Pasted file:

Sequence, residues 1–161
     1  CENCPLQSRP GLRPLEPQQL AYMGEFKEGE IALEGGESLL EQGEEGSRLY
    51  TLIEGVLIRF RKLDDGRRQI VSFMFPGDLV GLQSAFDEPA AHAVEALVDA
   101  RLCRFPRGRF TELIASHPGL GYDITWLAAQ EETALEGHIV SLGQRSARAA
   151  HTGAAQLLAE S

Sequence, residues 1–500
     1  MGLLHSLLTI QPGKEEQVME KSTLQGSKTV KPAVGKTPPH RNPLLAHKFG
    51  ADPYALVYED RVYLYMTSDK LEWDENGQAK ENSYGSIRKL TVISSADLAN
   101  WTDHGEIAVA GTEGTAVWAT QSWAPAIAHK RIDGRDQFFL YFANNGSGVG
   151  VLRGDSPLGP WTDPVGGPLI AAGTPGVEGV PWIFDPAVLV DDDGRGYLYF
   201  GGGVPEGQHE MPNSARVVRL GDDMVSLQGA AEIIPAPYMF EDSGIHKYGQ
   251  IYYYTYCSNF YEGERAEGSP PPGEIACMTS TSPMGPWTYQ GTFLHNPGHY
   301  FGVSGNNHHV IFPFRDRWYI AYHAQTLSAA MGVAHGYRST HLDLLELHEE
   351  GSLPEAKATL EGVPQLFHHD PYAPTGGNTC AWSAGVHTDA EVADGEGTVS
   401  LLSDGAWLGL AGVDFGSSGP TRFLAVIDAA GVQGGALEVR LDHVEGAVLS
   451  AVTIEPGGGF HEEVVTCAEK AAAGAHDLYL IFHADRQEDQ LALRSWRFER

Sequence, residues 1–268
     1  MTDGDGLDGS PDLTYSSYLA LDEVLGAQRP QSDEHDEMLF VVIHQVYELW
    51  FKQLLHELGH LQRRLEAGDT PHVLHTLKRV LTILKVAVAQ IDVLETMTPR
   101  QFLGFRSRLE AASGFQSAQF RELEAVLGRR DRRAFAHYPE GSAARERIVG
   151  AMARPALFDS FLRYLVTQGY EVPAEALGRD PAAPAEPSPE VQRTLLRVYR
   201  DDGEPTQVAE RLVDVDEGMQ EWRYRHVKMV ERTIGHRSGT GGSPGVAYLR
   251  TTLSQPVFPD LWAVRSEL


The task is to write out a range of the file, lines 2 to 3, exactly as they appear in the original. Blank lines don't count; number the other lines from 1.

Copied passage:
     1  CENCPLQSRP GLRPLEPQQL AYMGEFKEGE IALEGGESLL EQGEEGSRLY
    51  TLIEGVLIRF RKLDDGRRQI VSFMFPGDLV GLQSAFDEPA AHAVEALVDA